The perfect complement to strength training is cardio exercise. A regimen of regular cardio exercise improves the function of your lungs, heart, and blood vessels. Over time, it gives you greater endurance for heart-pumping tasks like running, dancing, and swimming. It also reduces your risk of a whole medical manual of health problems, from diabetes to depression. It might even help you dodge a coronary catastrophe.
Getting cardio exercise is cheap and easy. You don’t need special equipment or expert advice. You simply need to do something tiring (say, jumping up and down in one spot, or dancing around in your pajamas). Do it until you start breathing heavily, and then keep at it for at least 20 more minutes. This may not sound glamorous (in fact, if you pick the pajama option, it’s downright embarrassing), but the science is sound.
The best approach to cardio exercise is to follow a regular regimen three times a week. But—surprisingly—research shows that even a single session each week has a positive effect on heart health. This finding kicks the legs out of your last good excuse to stay on the sofa.
There are two basic types of cardio exercisers—those who like slow and steady activity (say, a brisk 1-hour walk), and those who prefer shorter bursts of higher intensity work (say, 20 minutes in a hard-driving aerobics class). Both approaches are effective, and both help you burn calories and strengthen your heart. The key is to pick the right duration for your activity. If you opt for a high-intensity workout, 20 or 30 minutes is enough. A more leisurely activity requires twice that time.
Types of Cardio Exercise
If you get tired of having your friends and family laugh at your impromptu jumping jacks, you can try a more traditional form of aerobic exercise. Here are some of the most popular:
• Running. Requiring nothing more than time and a decent pair of running shoes, running is the most straightforward way to get your heart pumping. It’s also a marvelously adaptable exercise you can tailor to any fitness level. To go easy on yourself, alternate between brisk walking and a light jog. For hard-core training, maintain a steady jog with bursts of flat-out sprinting.
Running isn’t for people with joint problems because the impact of your feet striking the ground can put excess stress on your knees and ankles. However, if your joints are currently pain-free don’t worry about running. Recent research suggests that healthy runners don’t suffer from a greater incidence of joint problems than other exercisers.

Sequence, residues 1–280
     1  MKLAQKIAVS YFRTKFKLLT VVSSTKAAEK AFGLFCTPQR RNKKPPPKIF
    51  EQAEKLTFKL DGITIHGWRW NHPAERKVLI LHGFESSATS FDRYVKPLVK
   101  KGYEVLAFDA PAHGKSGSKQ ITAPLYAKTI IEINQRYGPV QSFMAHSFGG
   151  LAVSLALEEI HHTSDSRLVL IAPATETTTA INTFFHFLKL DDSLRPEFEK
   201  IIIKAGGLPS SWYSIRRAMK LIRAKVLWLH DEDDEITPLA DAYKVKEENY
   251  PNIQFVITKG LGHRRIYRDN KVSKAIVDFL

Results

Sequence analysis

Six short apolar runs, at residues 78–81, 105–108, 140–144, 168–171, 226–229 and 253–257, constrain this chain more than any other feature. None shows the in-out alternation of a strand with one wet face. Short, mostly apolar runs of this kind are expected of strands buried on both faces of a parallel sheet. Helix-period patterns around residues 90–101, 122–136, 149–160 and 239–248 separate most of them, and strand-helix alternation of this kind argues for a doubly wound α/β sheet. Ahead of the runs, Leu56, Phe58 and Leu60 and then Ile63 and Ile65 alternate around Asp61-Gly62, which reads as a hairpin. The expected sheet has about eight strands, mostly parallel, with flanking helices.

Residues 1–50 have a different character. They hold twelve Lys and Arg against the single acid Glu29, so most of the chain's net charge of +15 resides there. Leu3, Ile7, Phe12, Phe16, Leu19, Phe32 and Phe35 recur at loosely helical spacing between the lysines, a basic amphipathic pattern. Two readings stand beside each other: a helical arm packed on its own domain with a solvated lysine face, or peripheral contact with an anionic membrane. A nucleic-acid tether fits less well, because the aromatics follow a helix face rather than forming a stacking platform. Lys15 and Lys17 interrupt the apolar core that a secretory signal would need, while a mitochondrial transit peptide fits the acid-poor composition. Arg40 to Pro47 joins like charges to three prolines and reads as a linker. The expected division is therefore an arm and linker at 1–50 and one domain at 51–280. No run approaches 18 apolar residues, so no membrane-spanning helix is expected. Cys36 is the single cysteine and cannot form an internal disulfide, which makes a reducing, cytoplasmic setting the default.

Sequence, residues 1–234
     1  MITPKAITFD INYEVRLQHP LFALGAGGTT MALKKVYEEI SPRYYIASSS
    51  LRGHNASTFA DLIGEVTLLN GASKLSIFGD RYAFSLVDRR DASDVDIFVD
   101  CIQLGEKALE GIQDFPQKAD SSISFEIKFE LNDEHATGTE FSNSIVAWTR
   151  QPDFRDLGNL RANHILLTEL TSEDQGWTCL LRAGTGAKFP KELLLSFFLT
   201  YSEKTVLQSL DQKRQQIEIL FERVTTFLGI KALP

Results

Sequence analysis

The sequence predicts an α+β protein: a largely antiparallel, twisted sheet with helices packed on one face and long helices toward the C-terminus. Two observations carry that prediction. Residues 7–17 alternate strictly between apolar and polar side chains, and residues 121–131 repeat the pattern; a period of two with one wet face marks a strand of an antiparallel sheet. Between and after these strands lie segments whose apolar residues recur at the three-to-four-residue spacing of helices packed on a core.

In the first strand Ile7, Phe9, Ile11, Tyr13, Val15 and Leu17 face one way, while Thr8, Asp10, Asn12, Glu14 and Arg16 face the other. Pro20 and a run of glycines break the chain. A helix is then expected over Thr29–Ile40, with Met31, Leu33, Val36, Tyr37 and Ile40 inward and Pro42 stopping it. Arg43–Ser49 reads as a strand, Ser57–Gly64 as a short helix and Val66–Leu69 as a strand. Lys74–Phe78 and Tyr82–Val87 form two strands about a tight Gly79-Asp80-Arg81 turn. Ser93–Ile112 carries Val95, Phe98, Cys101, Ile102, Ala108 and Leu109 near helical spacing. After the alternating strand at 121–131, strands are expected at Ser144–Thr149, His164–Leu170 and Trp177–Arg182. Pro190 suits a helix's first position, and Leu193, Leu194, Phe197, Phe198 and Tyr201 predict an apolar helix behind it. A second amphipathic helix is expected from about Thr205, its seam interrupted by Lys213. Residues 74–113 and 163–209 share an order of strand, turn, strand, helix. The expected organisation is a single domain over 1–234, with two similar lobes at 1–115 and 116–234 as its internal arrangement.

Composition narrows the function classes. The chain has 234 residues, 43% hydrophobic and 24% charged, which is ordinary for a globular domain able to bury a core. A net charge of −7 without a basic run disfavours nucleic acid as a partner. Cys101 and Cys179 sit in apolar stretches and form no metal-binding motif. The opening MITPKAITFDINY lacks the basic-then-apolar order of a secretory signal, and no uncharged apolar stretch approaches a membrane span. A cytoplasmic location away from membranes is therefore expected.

• Jumping rope. Like running, rope skipping is a highly portable way to get intense aerobic exercise wherever you go. You can’t slip an entire gym in your pocket, but there’s always room for a jump rope.
• Swimming. If you have a pool handy, you can use swimming as a fullbody, low-impact form of exercise. Because it’s so gentle on the joints, many people like to alternate swimming with other types of cardio exercise to create a weekly workout program.
• Bicycling. Like running, cycling is an activity you can do either indoors (on a machine) or outside (on the street). As a side benefit, the effort of keeping yourself balanced on two wheels strengthens the muscles throughout your body.
• Cross-country skiing. It’s one of the most intense forms of full-body aerobic exercise around. Cross-country skiing has obvious disadvantages— for instance, you need a snowy trail and a lot of equipment— and newbies will find it extremely challenging. But it makes an excellent excuse to book that Nordic vacation.
• Step aerobics. Any aerobic workout routine can deliver the goods, but step aerobics stands out from the late-night infomercial gimmicks. Two decades after its creation, the basic idea (performing choreographed movements using a raised platform) remains wildly popular. Done right, step aerobics has the perfect mix of low-impact exercise and intense effort. To get started, you can try an exercise DVD. Or better yet, join a class at your local fitness club or community center.
• Gym equipment. Purists might say that a treadmill gives you all the effort of running with none of the scenery, but exercise equipment is the perfect solution for many casual exercisers. And even if the convenience of treadmills, steppers, and elliptical trainers doesn’t seduce you, you just might fall for the shiny electronic gadgetry (such as programmed courses and integrated heart-rate monitoring). If not, there’s always the wall-mounted television.
The experts agree—the best way to choose a cardio exercise is to forget about calories per minute and pick something you enjoy doing and can easily integrate into your daily routine. This gives you the best chance of maintaining a regular routine—and regularity is far more important than the type of exercise you choose.
Source of Information : Oreilly - Your Body Missing Manual